right way, and have gone on to, as i said, serve in our military, create jobs, graduating from our colleges. >> you are a former congressman. would you agree with the, with the evaluation that some made that this is better done by congress and if there's a will to get done in congress that might be the best solution? >> a permanent solution must be done by congress, because the executive actions of a president are only temporary, and they're meant to adjust the way in which a president puts in effect, enforces, a law. so you can't change law dramatically and permanently through an executive order. what you can simply do, this is a way i wish to execute the law to make it work best. we definitely need an act of congress, passage of a bill, to get to the president for his signature to take care of this in the long term. >> attorney general, you and i talked before. in part because who you are and have a big state tend to be out
in front of a lot of issues. i have to ask you about the whole equifax, and the actions of the company, lack of explanation for why almost $2 million in stock was sold by senior executives after the breach. the allegation executives didn't know about this. so much is wrong with this. your thoughts? >> first i have to make sure i preface remarks our practice in the department of justice here in california is not announce, if we are in any way doing an investigation, but i will say, because we've said it before is, the day after equifax made the announ announcement, notified people of the breach, we were already in contact with them. my legal team was. we pushed them on this heissues requiring individuals to sign an arbitration clause to get the credit protection they would need moving forward. we're going to do everything we can, because it's unacceptable that tens of millions of americans should have their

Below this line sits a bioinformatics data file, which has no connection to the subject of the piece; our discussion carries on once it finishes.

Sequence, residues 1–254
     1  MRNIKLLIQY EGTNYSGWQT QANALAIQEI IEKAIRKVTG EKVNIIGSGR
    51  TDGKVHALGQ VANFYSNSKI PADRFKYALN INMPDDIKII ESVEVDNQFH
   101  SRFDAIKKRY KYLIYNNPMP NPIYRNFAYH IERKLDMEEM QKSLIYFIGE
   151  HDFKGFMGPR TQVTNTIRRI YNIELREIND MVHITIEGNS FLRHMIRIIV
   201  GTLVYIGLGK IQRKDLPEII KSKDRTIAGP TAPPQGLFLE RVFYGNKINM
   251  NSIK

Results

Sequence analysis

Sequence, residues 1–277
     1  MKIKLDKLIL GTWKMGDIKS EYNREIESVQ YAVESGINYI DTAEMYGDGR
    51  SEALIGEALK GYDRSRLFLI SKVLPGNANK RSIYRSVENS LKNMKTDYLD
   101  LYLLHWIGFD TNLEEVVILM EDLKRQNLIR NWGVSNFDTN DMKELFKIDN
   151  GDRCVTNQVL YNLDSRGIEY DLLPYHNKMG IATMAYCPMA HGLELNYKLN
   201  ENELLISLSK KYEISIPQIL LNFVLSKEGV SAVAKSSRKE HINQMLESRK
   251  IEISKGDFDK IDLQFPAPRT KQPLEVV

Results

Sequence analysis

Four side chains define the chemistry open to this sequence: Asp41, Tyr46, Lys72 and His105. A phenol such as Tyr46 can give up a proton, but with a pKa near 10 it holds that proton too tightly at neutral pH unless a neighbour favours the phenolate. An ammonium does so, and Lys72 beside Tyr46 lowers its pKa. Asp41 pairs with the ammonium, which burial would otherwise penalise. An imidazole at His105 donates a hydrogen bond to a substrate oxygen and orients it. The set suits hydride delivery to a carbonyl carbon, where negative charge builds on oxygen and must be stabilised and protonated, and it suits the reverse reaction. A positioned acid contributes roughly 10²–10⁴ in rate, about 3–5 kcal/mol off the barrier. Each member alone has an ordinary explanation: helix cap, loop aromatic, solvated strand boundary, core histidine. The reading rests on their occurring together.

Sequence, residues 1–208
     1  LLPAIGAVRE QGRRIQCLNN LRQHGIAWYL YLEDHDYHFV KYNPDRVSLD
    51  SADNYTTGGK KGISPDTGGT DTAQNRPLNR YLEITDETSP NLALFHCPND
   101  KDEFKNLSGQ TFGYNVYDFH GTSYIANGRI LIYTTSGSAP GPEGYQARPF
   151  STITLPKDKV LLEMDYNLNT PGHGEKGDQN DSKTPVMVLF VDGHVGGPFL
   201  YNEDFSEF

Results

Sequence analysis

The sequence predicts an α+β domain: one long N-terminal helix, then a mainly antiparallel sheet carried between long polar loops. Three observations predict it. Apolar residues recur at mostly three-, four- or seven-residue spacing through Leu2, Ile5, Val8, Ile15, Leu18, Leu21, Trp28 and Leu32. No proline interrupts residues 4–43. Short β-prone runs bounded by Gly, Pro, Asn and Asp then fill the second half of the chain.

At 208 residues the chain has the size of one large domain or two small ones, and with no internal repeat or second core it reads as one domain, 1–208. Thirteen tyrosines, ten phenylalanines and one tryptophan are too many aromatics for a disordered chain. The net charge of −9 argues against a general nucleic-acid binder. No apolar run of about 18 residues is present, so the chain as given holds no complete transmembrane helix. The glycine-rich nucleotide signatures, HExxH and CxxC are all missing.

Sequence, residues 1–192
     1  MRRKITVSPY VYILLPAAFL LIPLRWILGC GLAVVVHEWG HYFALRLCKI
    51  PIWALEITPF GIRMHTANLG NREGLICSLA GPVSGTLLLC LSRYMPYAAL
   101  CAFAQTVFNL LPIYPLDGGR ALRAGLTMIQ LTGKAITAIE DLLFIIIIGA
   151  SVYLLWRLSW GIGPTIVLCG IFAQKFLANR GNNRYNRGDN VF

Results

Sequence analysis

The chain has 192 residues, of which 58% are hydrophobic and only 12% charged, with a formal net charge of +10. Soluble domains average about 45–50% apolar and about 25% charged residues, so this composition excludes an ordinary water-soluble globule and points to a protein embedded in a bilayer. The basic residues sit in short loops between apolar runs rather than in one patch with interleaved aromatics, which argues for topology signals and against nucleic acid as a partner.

credit not only breached but done by the credit protection agency we expect to be there to protect it as people use them to know, to have access to our credit and to know whether or not we should be able to get that loan for a home or a car or a student loan. so what we have to do is make sure that these credit reporting agencies are protecting our private information, and when they don't, they owe everyone an obligation to respond quickly. i don't believe equifax can stand up there and say they've done this the right way. >> correct. they have not. there may be good explanations to be had. we welcome hearing what they are. california attorney general javiar basarro, thanks for joining me. >> thank you. breaking news out of st. louis, missouri. protest crowds growing after a judge found a former police officer jason stockily not guilty of first-degree murder in the 2011 fatal shooting of anthony lamar smith. stockily fired into smith's car
five times, following a police chase. said he was acting in self-defense and thought smith had reached for a gun in his car. jennifer mechals with our st. louis affiliate ksdk is there with more. jennifer, we saw earlier that there was some crowds gathering. there appear to still be some people in the streets there. tell me what the situation is. >> reporter: good afternoon. yes. there have been crowds out in the streets of downtown st. louis all afternoon. ever since we learned the judge's decision in this case. right now behind me is the biggest crowd we found downtown. i'll back out. right in the middle of downtown, next to the courthouse where this case was heard and right next to city hall. right now a lot of standing around holding signs, peaceful. no violence. people occasionally break out in chants. people will occasionally come over and start marching and sometimes there are chants we've heard from other demonstrations in the past in this city. you'll see sometimes these cars trying to get through the